Look at the next quarterback taken No. 1 overall by the Colts as they struck gold with Peyton Manning out of Tennessee in 1998. Once again, it was a tough first year for the young Colts quarterback. Manning eventually went on to win a Super Bowl after learning while taking it on the chin that first year.

There is something you can just not measure as a scout or coach. What will happen to your quarterback that was taken No. 1 after a bad first season? Will he become a better quarterback or will he loose his confidence never to get it back again?

A quarterback that did not have what it takes being taken first overall was Tim Couch in 1999, and he never really got going in Cleveland after he was drafted out of Kentucky. You could use the argument that Couch played behind a bad offensive line, but if you’re the first pick in the draft the team that picked you did so for a reason.

Most of the teams that pick quarterbacks at number one do not have stellar offensive lines. I will however admit in Couch’s case he was injured early in his career which could have hurt his development as a quarterback.

Couch never had the ability to rise above that first year when he was batter while playing for a bad team. The same thing happened with David Carr, who was drafted by the Houston Texans in 2002 out of Fresno State. Carr was beaten in front of a bad offensive line his rookie year and could never regain that swagger as a quarterback.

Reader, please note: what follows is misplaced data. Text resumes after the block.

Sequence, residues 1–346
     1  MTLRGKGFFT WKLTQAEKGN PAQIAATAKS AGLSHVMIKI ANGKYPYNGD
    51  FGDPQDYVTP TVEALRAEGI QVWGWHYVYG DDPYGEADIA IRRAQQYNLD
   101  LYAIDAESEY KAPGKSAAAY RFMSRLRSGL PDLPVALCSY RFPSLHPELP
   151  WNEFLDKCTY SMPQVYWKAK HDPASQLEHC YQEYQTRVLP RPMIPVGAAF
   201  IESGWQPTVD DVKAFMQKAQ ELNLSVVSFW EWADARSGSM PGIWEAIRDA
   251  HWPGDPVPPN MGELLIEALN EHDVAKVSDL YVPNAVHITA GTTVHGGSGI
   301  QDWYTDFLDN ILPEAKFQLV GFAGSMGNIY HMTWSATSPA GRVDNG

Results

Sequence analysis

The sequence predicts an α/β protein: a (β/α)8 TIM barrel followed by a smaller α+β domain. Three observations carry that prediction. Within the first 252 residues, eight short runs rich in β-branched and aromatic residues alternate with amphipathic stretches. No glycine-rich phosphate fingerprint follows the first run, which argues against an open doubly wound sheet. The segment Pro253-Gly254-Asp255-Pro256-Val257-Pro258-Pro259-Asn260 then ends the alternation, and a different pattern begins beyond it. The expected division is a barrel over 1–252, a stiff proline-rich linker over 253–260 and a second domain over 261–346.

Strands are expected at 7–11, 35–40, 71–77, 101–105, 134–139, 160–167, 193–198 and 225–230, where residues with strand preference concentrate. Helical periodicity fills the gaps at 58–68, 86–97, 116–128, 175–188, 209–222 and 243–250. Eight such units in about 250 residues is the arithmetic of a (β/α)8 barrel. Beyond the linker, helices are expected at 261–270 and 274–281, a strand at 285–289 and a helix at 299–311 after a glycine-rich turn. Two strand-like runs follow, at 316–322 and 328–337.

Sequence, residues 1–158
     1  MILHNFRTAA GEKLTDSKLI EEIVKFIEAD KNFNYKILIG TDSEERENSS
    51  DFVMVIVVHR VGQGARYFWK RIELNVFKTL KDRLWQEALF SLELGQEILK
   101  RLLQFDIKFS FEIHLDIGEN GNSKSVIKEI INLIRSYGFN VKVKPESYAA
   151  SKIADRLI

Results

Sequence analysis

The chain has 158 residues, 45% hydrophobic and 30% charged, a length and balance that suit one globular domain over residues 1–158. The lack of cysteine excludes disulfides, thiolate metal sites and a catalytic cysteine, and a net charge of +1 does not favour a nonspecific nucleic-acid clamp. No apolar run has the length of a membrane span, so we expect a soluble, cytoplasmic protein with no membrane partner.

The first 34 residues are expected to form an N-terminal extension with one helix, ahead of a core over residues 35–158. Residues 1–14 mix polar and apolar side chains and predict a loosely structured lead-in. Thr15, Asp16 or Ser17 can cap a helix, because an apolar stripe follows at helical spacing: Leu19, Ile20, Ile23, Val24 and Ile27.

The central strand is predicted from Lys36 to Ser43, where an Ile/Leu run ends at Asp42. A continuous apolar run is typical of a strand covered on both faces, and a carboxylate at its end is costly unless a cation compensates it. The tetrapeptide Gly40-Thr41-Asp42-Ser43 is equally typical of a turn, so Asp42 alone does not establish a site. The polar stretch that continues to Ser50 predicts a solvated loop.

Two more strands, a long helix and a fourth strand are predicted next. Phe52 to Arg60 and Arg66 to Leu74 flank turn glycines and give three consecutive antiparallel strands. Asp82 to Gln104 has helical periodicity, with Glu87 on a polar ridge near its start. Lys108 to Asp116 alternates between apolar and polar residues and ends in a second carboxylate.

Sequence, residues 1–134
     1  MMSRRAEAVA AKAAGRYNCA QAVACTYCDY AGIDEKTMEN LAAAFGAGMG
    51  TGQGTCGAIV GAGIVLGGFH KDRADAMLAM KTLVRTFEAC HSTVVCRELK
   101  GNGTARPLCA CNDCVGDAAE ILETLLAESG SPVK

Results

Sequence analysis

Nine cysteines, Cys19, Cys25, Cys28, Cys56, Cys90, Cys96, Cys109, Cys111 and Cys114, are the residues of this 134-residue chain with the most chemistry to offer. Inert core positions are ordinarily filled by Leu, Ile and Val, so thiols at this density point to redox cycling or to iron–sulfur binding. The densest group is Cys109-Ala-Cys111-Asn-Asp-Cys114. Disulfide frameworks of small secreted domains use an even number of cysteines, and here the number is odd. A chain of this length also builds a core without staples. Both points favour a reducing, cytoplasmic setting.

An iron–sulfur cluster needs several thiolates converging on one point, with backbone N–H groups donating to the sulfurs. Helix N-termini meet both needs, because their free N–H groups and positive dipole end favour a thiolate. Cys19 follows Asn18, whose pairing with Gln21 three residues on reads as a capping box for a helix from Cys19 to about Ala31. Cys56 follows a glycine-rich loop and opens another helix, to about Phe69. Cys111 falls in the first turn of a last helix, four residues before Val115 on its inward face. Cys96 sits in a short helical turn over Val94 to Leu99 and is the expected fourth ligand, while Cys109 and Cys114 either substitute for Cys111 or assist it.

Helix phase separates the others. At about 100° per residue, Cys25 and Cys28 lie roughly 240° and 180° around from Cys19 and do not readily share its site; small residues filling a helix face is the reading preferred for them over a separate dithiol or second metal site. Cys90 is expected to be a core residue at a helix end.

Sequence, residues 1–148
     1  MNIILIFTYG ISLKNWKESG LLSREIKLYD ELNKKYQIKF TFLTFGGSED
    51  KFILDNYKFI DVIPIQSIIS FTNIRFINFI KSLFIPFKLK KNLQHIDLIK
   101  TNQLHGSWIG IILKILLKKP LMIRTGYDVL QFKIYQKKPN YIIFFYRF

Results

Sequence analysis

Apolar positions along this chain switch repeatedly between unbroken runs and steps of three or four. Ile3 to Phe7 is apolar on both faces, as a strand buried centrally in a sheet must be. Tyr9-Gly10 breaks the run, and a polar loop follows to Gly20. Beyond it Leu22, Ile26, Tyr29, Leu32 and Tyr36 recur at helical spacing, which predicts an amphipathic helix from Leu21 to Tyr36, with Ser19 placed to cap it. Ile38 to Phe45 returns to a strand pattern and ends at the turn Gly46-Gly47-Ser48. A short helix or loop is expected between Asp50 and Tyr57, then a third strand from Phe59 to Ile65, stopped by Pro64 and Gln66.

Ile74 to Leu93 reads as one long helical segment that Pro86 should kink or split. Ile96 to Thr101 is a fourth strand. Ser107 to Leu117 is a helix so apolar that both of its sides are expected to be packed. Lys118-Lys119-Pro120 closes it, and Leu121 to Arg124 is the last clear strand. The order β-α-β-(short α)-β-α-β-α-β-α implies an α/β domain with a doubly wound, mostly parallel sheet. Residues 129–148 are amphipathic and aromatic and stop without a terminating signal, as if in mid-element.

I will note that with the recent legal problems with Micheal Vick, I have to wait since it looked like he was at least going to be a solid starter in the NFL before dog fighting charges put his career on hold.

Carlson Palmer drafted in '03 and if you want to count Philip Rivers drafted in '04 as a No. 1 pick, both sat for a year, and although Palmer has had injures he has been a solid starter for the Cincinnati Bangles when healthy. Rivers was able to study behind Drew Brees before he was trade and has become a great quarterback for San Diego.

But in the win at now NFL, few teams get the chance to sit the first pick taken in the draft. Eli Manning took his lumps half way in to his rookie of the year in New York and was able to deliver a Super Bowl after he was drafted in '04 then traded since he did not want to play for the Chargers.

That brings us to Alex Smith drafted by the 49ers out of Utah who has been a bust so far since he was picked in '05. Smith has not panned out as a starter and has not been able to rise above that first year in the league.

I would rather learn that the quarterback I have drafted will be an Aikman or Manning as a pro. Does he have the mental toughness and swagger as a quarterback to rise above a bad team in his first year? Or will he fold after a rough first year like Carr and Smith have done?

It’s better to start Stafford early and see if he has what it takes to be a great quarterback or at least a solid starter or by the end of year two or three will we see that he cannot shake off the effects of a bad year.

Even if the Lions start him in year two, I cannot believe they will be much better than they will be this year. Let’s find out now if Stafford can be the man that gets the Lions going in the right direction. Waiting may not get them there.